We’d like to play it cool but the fact is that we’re delighted to have been named beer writer(s) of the year for 2014 by the British Guild of Beer Writers.
As it’s part of our M.O. to keep a bit of distance (literally, since moving to Cornwall) we’ve never joined the Guild but, laudably, the awards are open to everyone, free of charge, and with no especially restrictive rules. We figured that if we were ever going to win anything, 2014 would be the year, and so we entered ourselves in two categories for both the blog and book.
Winning what insiders call ‘the big gong’ was an incredible surprise made all the sweeter because the panel included people with whom we haven’t had had any dealings and who aren’t in ‘the beer bubble’. In other words, they don’t owe us anything, and if they liked Brew Britannia, it is presumably because it stood on its own merits.
We don’t know what happens next. We’d like to write another book, though we haven’t yet found a topic which is both exciting to us and to potential publishers. We don’t really want to write a list book or beginner’s guide, although we have given some thought to whether there might be any new and genuinely interesting angles from which to approach such a project.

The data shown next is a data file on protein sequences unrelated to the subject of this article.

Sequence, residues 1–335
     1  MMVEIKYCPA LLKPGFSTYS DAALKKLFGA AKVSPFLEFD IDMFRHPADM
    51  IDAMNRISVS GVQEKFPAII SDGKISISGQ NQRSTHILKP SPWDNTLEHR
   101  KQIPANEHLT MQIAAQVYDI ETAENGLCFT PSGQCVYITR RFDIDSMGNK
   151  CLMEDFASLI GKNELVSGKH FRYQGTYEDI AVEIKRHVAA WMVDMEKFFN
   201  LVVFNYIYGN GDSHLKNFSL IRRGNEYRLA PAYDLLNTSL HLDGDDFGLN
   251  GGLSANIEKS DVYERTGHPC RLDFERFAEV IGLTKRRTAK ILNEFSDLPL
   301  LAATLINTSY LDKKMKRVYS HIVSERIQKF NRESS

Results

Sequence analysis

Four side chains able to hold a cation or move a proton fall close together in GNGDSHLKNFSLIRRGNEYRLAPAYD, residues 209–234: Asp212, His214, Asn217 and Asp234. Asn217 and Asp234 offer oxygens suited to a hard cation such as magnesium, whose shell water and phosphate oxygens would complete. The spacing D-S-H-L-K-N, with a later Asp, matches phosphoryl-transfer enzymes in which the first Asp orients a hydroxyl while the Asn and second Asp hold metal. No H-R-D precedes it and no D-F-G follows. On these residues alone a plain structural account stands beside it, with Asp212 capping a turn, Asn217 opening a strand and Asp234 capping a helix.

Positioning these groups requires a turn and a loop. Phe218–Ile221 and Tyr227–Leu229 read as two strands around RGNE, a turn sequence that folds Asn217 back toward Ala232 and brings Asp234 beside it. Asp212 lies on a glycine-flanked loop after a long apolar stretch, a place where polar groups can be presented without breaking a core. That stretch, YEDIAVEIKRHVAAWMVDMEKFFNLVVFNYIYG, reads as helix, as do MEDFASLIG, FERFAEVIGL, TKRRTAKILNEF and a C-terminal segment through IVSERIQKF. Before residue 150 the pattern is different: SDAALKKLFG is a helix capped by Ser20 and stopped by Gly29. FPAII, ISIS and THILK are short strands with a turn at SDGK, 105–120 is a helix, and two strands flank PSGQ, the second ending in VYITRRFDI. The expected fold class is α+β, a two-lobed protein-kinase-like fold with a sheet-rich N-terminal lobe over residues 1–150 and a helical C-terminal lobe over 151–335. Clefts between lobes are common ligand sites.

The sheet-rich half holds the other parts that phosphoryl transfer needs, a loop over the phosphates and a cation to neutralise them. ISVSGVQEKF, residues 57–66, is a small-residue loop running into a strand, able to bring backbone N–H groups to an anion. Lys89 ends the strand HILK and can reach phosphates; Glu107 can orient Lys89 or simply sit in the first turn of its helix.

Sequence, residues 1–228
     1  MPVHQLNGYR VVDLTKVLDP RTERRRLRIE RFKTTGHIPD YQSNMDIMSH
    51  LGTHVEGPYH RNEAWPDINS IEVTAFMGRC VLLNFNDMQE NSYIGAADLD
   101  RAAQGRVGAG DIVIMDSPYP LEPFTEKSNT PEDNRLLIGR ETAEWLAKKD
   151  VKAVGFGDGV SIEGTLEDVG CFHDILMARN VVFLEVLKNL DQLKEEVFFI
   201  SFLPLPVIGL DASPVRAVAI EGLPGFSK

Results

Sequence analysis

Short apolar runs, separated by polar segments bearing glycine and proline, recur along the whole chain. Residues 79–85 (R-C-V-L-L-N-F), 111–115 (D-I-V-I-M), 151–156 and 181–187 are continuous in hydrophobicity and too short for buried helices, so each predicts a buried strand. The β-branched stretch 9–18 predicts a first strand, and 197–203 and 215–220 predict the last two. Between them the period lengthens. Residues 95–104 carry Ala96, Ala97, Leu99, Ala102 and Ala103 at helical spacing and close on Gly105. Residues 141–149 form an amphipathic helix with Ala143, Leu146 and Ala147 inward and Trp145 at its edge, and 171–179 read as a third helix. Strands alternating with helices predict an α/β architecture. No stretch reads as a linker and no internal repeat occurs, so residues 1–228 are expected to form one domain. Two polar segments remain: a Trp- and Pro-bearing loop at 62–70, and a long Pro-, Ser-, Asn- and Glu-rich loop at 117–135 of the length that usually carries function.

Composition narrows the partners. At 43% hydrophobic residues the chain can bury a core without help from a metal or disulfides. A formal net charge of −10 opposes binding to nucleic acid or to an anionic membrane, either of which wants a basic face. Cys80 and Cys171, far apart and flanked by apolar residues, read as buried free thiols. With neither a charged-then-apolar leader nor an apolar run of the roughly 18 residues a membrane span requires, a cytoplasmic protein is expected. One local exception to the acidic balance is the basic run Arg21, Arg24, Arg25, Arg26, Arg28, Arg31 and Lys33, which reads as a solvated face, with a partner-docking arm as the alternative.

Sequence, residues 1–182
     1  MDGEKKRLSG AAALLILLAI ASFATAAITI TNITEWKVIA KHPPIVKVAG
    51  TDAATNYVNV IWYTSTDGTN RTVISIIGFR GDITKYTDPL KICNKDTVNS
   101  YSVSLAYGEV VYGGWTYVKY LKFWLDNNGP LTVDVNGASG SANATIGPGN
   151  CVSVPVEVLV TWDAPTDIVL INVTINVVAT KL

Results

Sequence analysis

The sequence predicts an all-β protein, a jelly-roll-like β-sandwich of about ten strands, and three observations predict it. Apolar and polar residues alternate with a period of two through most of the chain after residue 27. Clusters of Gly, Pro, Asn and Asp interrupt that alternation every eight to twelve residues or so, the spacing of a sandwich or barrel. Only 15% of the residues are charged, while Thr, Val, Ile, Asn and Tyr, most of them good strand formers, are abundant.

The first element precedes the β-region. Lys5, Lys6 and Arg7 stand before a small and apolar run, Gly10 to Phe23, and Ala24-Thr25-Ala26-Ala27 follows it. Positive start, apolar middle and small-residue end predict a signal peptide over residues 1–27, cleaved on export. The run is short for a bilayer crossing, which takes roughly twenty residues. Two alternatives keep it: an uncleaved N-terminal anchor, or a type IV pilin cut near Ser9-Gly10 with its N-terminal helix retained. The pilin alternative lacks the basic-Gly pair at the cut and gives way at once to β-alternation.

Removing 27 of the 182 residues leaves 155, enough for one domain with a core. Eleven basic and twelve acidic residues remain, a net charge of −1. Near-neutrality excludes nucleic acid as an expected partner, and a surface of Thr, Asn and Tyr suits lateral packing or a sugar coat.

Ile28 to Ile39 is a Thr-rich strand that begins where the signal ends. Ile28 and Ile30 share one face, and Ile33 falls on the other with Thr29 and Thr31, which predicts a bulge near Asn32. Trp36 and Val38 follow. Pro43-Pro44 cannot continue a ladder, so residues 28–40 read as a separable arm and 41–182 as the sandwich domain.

Mostly for fun, we’re going to keep chipping away at the subject of lager, and might follow up Gambrinus Waltz with an ebook about Skol and Carlsberg in the 1960s and 70s.
We’re also going to keep up the quarterly #BeeryLongReads, perhaps using the next one (28 February 2015) as an opportunity to start filling in details of the Brew Britannia story. For example, we didn’t have space to write about Williams Bros in the book, but their pioneering 1990s experiments with unusual ingredients is very much ‘proto craft’ and deserves a bit of attention.
Our fortnightly columnettes for the Guardian Guide are set to continue for the foreseeable and, for Christmas, we’ve been asked to expand it to a comparatively luxurious 200 words.
And, of course, we intend to keep spouting off here on the blog as near to every day as we can manage, five years of which, learning to string sentences together and accumulating knowledge, preceded us even thinking about putting pen to paper at book length.
UPDATE 05/12/2014 12:55: it turns out we also came second in the online communications category, behind Martyn Cornell. Blimey!